What seemed like an unreachable green goal a decade ago was treated as a simple stop-gap on the road to greater sustainability at the March 12 Board of Trustees meeting.

According to Town Manager Jay Harrington, an entirely different set of trustees opted out of Holy Cross’s out-of-state wind program around eight years ago in hopes of saving up for more local, renewable energy. Since then, Carbondale has bought into several such partnerships and is expected to reach full renewable offset for all but its smallest facilities in the Xcel part of town by the end of the year. With a similar situation within spitting distance for Holy Cross, Public Works Director Kevin Schorzman proposed buying back in to the company’s now mostly in-state wind program.

“It fits into that concept of what we can do to help the industry move along,” he said.

The main electric user in the Holy Cross service area north of the Rio Grande is the wastewater treatment plant, which has been the subject of several efficiency upgrades of late with continued incremental improvements.

Trustee Heather Henry emphasized the need for that sort of reduction as well as offset, but Erica Sparhawk didn’t see any inverse incentive in doing both. And since the program is month-to-month, the Town could opt out if something better came along.

“We haven’t had presented to us another good opportunity for another Solar Collective type approach in Holy Cross territory,” Harrington said. “If we do this and consider it an offset, other than a very little bit of Xcel energy, we’ll be pretty much renewable throughout the Town’s electric portfolio.”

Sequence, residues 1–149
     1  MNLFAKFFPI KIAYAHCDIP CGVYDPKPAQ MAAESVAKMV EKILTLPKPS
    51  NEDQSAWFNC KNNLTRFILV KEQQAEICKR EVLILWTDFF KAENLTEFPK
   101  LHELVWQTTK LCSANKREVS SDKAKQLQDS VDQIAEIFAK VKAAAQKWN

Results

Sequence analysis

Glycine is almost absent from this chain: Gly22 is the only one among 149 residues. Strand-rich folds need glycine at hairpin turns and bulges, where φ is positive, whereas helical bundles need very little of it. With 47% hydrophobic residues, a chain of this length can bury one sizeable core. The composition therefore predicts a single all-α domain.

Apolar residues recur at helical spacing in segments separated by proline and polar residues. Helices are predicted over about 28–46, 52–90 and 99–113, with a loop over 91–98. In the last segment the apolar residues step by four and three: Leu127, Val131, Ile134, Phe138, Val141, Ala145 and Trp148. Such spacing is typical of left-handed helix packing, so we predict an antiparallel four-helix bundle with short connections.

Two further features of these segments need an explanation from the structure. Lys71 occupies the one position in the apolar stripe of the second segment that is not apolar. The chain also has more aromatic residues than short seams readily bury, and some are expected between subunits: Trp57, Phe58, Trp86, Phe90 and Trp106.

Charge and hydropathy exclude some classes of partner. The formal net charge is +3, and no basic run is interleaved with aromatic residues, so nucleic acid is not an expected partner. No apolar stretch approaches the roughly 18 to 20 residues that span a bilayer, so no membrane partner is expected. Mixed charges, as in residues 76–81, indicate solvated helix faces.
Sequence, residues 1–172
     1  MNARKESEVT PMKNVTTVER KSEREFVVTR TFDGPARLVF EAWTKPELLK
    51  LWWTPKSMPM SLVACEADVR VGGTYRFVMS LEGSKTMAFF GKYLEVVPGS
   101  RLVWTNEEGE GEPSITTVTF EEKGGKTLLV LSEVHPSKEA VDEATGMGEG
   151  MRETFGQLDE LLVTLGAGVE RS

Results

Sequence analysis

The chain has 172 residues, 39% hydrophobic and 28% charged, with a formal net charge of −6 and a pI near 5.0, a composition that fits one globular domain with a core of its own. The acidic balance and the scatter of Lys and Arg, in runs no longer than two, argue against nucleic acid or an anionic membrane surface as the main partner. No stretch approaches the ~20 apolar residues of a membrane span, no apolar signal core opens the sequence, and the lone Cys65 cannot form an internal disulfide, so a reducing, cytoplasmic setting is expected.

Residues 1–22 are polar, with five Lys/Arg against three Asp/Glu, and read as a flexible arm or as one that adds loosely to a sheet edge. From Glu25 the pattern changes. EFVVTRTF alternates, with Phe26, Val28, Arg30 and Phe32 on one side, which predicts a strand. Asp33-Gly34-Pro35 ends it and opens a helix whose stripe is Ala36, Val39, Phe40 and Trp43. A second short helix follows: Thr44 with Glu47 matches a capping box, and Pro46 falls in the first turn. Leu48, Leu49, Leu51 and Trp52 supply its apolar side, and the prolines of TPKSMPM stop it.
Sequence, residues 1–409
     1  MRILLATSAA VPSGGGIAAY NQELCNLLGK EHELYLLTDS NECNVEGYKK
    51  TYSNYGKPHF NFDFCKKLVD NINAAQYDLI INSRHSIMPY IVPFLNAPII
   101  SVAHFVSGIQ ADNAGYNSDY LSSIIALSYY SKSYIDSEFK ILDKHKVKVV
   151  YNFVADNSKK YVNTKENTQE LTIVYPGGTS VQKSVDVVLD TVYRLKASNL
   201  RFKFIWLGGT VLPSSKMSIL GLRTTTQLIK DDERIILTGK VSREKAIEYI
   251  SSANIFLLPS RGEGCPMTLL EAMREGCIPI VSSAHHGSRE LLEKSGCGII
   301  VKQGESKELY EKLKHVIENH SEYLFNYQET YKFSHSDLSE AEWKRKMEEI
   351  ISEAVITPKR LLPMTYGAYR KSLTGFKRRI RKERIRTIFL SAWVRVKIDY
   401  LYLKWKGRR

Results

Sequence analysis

For Mayor Dan Richardson, renewable electricity was just half the battle.

“To me, the grid’s going to be renewable before we know it,” he said. “I would love for the priority to be how we wean ourselves off of natural gas.”

He expressed a desire for a phase-out of natural gas heating, perhaps via a self-imposed tax, but didn’t want to layer additional cost on top of the renewable offset quite yet.

That “yes, and” attitude was a good sign in Trustee Ben Bohmfalk’s book.

“I think it speaks highly of our changing expectations that we’re this ambivalent about going to 100 percent renewables,” he said.

Following Bohmfalk’s motion, all of the trustees present backed the plan. The idea also got a stamp of approval from Katharine Rushton of CLEER, who had just finished presenting the organization’s 2019 plan. One of the chief aspects for Carbondale is the consideration of a net-zero zone encompassing Roaring Fork School District’s staff housing, the Third Street Center and potentially some of the adjacent townhomes.

Observed Richardson, “It seems like a big goal this year is learning.”

Bohmfalk wondered if that was enough.

“Does it look like if we keep doing this kind of work every year, we’re get there, or does it look like we’re fooling ourselves?” he queried.

“This is just one piece of that bigger picture,” Rushton replied. “We’re so interconnected… we’re going to have to all play our part in getting it together.”